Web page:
- The Washington Times - Tuesday, January 13, 2009


Arab parties banned from election

JERUSALEM | Israel on Monday banned Arab political parties from participating in next month’s parliamentary elections, drawing accusations of racism by an Arab lawmaker who said he would challenge the decision in the country’s Supreme Court.

The ruling by parliament’s Central Election Committee reflected the heightened tensions between Israel’s Jewish majority and Arab minority caused by Israel’s offensive in the Gaza Strip. Arabs have mounted a series of demonstrations against the offensive.

Parliament spokesman Giora Pordes said the election committee voted overwhelmingly in favor of the motion, accusing the country’s Arab parties of incitement, supporting terrorist groups and refusing to recognize Israel’s right to exist. Arab lawmakers have visited some of Israel’s staunchest enemies, including Lebanon and Syria.

The decision does not affect Arab lawmakers in predominantly Jewish parties or the country’s Communist Party, which has a mixed list of Arab and Jewish candidates.


Obama inaugural request rejected

SEOUL | North Korea wants to send its chief nuclear envoy to President-elect Barack Obama’s inauguration, news reports said.

Pyongyang’s proposal to send Vice Foreign Minister Kim Kye Gwan to Mr. Obama’s Jan. 20 inauguration was made last month through its mission to the United Nations, the JoongAng Ilbo newspaper reported Monday, citing an unidentified South Korean government official.

Washington rejected the idea, South Korea’s Yonhap news agency said.

Asked to confirm the reports, South Korean Foreign Minister Yu Myung-hwan said he has heard “such talk,” and added, “I understand things are not going that way.”

Aaron Tarver, a spokesman at the U.S. Embassy in Seoul, said he had no information about any inauguration requests from Pyongyang.

The U.S. and North Korea do not have diplomatic relations.


Militants captured during raid on base

ISLAMABAD | Four militants captured in a brazen weekend raid on a military base in Pakistan’s northwest came across the border from Afghanistan, the military said Monday.

The paramilitary camp was attacked early Sunday by about 600 militants, most believed to be from Afghanistan, sparking a major clash that left six security troops and 49 insurgents dead.

The raid in Pakistan’s Mohmand tribal agency suggested sophisticated cross-border coordination and the continued strength of the Taliban militancy in the isolated region despite a Pakistani military offensive.

The Pakistani Frontier Corps said in a statement Monday that four militants captured in the battle came from Afghanistan’s Kunar province directly across the border. It identified each by name but did not say how they had been captured, where they were being held or whether they would be charged with crimes.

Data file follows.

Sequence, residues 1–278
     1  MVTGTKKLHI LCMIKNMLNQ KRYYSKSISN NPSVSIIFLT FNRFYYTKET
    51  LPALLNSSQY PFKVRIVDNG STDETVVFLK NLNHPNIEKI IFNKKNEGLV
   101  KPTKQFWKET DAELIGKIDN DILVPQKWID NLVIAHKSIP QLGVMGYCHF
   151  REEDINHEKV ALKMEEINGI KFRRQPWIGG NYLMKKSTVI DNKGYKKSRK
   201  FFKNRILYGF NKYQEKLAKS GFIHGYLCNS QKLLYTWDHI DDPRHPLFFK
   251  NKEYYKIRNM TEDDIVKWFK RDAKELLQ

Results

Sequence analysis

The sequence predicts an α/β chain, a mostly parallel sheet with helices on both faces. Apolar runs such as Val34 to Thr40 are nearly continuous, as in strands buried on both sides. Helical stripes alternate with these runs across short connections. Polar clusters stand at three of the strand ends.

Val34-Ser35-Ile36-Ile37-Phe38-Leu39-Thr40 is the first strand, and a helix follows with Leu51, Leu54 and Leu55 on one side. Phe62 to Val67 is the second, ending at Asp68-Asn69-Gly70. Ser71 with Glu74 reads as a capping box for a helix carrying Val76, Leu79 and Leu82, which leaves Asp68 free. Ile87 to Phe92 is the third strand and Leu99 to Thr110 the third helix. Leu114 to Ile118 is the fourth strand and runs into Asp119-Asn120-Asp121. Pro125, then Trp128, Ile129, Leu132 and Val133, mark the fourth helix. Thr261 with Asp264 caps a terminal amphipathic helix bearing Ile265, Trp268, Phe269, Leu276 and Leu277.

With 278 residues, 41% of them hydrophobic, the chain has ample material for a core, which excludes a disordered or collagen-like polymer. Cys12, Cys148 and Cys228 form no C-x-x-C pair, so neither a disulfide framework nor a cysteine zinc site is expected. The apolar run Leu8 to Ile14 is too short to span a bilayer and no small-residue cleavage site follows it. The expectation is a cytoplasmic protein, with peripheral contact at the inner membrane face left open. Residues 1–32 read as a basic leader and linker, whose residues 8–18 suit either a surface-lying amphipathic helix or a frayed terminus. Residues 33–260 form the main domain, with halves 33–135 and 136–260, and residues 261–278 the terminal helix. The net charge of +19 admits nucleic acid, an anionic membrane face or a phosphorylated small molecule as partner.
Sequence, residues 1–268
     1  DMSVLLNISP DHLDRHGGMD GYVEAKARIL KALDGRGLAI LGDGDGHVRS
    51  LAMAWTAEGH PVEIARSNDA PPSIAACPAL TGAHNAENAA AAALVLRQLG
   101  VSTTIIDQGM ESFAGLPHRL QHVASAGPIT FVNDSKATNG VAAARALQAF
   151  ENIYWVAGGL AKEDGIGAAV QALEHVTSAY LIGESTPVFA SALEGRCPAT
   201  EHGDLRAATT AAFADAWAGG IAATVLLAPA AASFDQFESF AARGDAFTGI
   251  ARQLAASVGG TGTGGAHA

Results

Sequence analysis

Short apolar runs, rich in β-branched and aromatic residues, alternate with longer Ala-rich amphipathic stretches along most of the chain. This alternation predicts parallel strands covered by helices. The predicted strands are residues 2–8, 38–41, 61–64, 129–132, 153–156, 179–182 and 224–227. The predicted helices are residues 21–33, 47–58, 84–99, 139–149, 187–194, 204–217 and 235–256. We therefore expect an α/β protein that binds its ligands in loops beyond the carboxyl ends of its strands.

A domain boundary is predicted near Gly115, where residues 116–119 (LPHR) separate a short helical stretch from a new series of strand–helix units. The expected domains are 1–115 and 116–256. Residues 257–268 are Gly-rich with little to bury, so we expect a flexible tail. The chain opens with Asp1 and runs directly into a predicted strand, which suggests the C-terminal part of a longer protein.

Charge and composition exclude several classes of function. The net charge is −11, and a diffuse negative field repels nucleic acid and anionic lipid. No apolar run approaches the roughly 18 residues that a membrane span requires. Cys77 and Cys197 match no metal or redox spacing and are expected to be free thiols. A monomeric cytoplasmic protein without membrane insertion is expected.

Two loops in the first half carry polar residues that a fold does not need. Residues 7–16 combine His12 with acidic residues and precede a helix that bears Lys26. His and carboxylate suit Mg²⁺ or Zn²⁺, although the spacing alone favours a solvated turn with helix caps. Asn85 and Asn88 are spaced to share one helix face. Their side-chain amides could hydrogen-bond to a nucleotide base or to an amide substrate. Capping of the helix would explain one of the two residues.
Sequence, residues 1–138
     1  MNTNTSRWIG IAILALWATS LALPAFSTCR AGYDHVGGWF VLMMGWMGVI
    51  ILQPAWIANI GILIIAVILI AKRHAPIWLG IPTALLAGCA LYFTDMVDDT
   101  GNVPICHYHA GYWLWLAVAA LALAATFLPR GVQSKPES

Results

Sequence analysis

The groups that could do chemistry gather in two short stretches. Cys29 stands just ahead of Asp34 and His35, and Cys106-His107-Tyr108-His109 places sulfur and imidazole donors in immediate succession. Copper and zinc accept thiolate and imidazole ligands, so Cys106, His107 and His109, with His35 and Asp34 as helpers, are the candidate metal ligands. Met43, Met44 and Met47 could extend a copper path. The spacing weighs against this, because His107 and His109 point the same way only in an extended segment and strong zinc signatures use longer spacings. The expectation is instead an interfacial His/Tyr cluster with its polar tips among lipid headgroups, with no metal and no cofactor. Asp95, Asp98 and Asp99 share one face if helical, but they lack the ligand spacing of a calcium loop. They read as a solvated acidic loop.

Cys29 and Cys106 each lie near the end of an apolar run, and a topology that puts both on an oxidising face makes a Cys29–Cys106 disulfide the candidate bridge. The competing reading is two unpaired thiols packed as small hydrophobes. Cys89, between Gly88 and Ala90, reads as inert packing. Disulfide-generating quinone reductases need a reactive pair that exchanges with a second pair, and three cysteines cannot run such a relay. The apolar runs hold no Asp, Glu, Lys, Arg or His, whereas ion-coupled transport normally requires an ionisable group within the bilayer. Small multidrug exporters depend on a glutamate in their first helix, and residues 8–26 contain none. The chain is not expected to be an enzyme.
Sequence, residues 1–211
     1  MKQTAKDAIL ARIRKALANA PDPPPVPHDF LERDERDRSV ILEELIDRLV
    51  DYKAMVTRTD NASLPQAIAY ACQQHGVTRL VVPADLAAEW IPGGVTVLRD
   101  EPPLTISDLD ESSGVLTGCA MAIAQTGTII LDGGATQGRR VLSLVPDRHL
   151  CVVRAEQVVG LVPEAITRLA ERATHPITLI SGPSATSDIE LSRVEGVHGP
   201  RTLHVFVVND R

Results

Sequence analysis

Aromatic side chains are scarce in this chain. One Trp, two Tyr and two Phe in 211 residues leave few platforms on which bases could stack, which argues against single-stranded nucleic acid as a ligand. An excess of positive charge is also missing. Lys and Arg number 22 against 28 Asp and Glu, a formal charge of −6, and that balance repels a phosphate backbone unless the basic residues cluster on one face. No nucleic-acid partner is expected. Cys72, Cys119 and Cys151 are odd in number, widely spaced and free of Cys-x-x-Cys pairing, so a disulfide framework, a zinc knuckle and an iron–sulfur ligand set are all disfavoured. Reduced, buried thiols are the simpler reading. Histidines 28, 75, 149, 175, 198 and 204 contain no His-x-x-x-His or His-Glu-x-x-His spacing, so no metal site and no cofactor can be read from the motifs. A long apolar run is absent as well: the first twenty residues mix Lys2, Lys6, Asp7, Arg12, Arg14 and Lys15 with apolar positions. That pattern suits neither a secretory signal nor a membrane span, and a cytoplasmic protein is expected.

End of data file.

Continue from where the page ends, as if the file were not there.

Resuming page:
Ex-vice president blamed for rapes

THE HAGUE | War crimes prosecutors accused former Congolese Vice President Jean-Pierre Bemba on Monday of using systematic rape to terrorize civilians suspected of supporting rebels during a bloody power struggle in neighboring Central African Republic.

Defense attorneys argued that Mr. Bemba’s troops were not under his command once they crossed the border, and that the prosecution failed to show that Mr. Bemba ordered his men to commit atrocities during the upheavals of 2002 and 2003.

The two sides outlined their arguments at a pretrial hearing at the International Criminal Court called to assess whether there is enough evidence to put Mr. Bemba on trial.

Judges scheduled four days of hearings, then have 60 days to decide whether to put him on trial, seek more evidence or let him go.


Weather hinders ferry rescuers

PAREPARE | Huge waves and driving rain hindered rescuers Monday as they searched for at least 230 people missing and feared dead after a ferry packed with passengers and cargo capsized in a cyclone off Indonesia’s Sulawesi island.

At least 33 people have been rescued so far and one body found.

Many passengers were sleeping when the 700-ton Teratai Prima was struck by tropical cyclone Charlotte before dawn Sunday, officials and witnesses said. It sank about 30 miles off the coast of western Sulawesi.

“People were screaming, ‘Help, help!‘“said survivor Sampara Daeng Gassing, 35, who clung to a tire for two hours in the pounding storm but lost his 9-year-old son.

“I lost hold of my son and my father-in-law when a big wave hit me,” Mr. Gassing said, weeping.

The ferry was slammed by 13-foot-high waves, he said. He arrived Monday with other survivors in Parepare - where the ferry journey had begun.


Shells explode in residential area

MOGADISHU | Shells hit a crowded Mogadishu market and nearby residential area Monday, killing at least 11 people in fighting between Islamist insurgents and Ethiopian-backed government forces.

Medical staffers told Reuters they had transported 11 corpses and 16 wounded people from Bakara market and the Gedjael neighborhood after the insurgents exchanged shells with Somali soldiers and their Ethiopian military allies.

Islamists have been battling government and Ethiopian troops for the past two years, since Addis Ababa sent forces to oust the Islamic Courts Union from Mogadishu.

From wire dispatches and staff reports

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